Everywhere, All at Once

Have you ever been separated?

Separated from,

A person,

A place,

A thing,

Or a desire?

Separation is a part of life. We have all experienced various times when there is a space between us and something we want. That space between us and whatever it is we desire, is separation. The word separation is most frequently used in the context of marriage. Things aren’t going so hot, in fact, they are going terribly. You aren’t ready to file the divorce papers, but you can’t be anywhere near that person.

So you separate.

You create a space between the two of you.

Separation isn’t exclusive to failing marriages.

We see separation in all kinds of other things.






The weekend,

And on and on.

Something exists between you and those things that you desire.

An argument in your friendship,

Not enough support to chase your dream or desire,

Not enough time worked to accumulate vacation days,

Not enough in your 401K to retire,

Not enough, Not enough, Not enough.

These “not enoughs” are your separation. I would argue that separation is the cause of all pain and sadness. Think of a couple of times in life when you have been most down, the times in life when you have been on the bottom end of life. Why did this happen? Why did you feel this way? You were separated from something you wanted. That person just walked out, your application just got turned down, your last kid has moved out, you didn’t get the raise.

In the moments of lost,

You are made aware of your separation.

Your separation exists like a veil, hanging up, obscuring what you desire.

“You shall make a veil of blue and purple and scarlet material and fine twisted linen; it shall be made with cherubim, the work of a skillful workman. “You shall hang it on four pillars of acacia overlaid with gold, their hooks also being of gold, on four sockets of silver. “You shall hang up the veil under the clasps, and shall bring in the ark of the testimony there within the veil; and the veil shall serve for you as a partition between the holy place and the holy of holies. Exodus 26

This little piece of the bible paints a picture of separation.

Separation between humans and god.

Literal separation.

A veil.





The most painful separation.

This idea of separation between us and God was seen throughout the part of the bible called the “old testament,” the part of the bible before Jesus came onto the scene. In this old part of the bible the idea of separation is just a fact of life. People built their entire lives around the idea of breaking through that separation. They would sacrifice animals on an altar to cover the parts of themselves that caused the separation to exist.

Have you ever changed yourself to make someone else happy?

Have you ever altered your beliefs or ideas to fit in better?

Have you ever changed your daily schedule to get a job you want?

You sacrificed a piece of yourself that was causing separation.

You killed a piece of who you are,

To reconcile separation,

To bridge the gap,

To replace separation with unity.

If you’ve ever done that, and I imagine you have, you understand sacrifice. Even if you can’t understand killing an animal and burning its body on an altar (I certainly hope that’s hard for you to understand) you can understand the concept of sacrifice.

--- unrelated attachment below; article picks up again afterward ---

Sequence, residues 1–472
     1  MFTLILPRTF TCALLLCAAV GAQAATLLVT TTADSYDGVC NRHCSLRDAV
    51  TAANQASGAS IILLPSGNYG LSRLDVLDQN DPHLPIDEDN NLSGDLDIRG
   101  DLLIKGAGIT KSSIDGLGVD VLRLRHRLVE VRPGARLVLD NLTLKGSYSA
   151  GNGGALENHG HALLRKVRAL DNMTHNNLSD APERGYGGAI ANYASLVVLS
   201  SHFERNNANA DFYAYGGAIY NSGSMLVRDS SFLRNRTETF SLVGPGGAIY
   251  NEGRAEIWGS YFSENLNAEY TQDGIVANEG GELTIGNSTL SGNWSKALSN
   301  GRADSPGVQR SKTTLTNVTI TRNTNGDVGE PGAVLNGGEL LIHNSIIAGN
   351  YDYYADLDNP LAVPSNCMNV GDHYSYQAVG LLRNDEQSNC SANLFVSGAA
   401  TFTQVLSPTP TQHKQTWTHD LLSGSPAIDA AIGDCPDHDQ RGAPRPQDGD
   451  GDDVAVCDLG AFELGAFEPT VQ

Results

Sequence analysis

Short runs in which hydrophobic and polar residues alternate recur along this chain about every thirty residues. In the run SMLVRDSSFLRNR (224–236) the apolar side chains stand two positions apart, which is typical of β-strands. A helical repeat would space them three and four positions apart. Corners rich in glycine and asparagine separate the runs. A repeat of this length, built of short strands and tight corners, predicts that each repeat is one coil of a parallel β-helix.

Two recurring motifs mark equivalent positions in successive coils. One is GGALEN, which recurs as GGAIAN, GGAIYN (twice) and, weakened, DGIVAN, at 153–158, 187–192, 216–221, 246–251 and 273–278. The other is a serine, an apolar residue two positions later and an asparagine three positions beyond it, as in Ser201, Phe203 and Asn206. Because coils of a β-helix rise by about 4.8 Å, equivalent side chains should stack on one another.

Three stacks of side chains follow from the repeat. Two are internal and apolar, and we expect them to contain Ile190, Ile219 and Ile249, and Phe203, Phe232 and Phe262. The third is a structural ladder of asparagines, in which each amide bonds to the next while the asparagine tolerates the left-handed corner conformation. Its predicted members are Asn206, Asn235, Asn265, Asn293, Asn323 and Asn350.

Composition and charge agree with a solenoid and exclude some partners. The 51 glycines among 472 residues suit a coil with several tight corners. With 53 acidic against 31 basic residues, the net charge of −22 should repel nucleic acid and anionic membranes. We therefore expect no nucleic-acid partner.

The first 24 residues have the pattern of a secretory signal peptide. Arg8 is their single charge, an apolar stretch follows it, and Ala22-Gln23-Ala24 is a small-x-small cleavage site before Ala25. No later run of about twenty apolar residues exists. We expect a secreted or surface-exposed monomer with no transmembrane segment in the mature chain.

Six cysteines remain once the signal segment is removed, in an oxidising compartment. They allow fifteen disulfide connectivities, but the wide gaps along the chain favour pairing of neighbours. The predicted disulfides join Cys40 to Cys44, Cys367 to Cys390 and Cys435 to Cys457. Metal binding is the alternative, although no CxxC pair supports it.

Animals and alters were replaced.

In their place came,

Jesus and a cross.

One last sacrifice.

The separation was over.

After Jesus died something happened,

Something important.

And behold, the veil of the temple was torn in two from top to bottom; and the earth shook and the rocks were split. Matthew 27

That little verse changes everything

That little verse brings me to tears

That little verse is what Jesus accomplished.

That little verse is the most profound statement in the scriptures.

The separation is over.

The veil was torn.

The physical representation of the separation between God and man was torn, in two, from top to bottom.

The separation is over.

What do we do with this?

Why is it important that the veil is gone?

Why is it important that the space between us and God has been removed?

Now, we are free to know God, in the fullest way. We are free to interact with God, at any time. We are free from separation, forever.

The veil in the temple had been a testament to God being in one place, and man being in another place. When Jesus, in his death, tore the veil. That ended. The idea of God over there, and man over here, died. That’s what Jesus killed in his death.

We are no longer separated from God.

The space between us has been eliminated.

All around us, everywhere, is God.

Flowing, humming, pounding, charging, energizing, speaking, teaching, and loving.

Everywhere, all at once.

With us,

Around us,

In us.

That is what Jesus did. He opened the door to the temple, he allowed our understanding of God to flow out from a single place, and into everything. He removed the division between the spiritual and the ordinary. He opened our eyes to the full scope of who he is. The boundaries we had imposed on the divine, were put into the light, and shown to be frail.

God is not restrained by our boundaries,

He never was,

Jesus demonstrated it.


We can feel God,




Everywhere, all the time.

This is the ultimate beauty of Jesus.

Instead of God being over there, He is in everything.

Instead of God being distant, He is close.

Instead of being behind a veil, He is with us.

Ahead of us,

Calling us to him.


7 thoughts on “Everywhere, All at Once

  1. Beautifully put Evan !
    I’m in total agreement with you.
    Keep it up and inspire those who need you, there are many out there. God blessed you with a great ability to reach others.
    Use it to celebrate our lord. Your uncle sent it to me, just so ya know .

    Liked by 1 person

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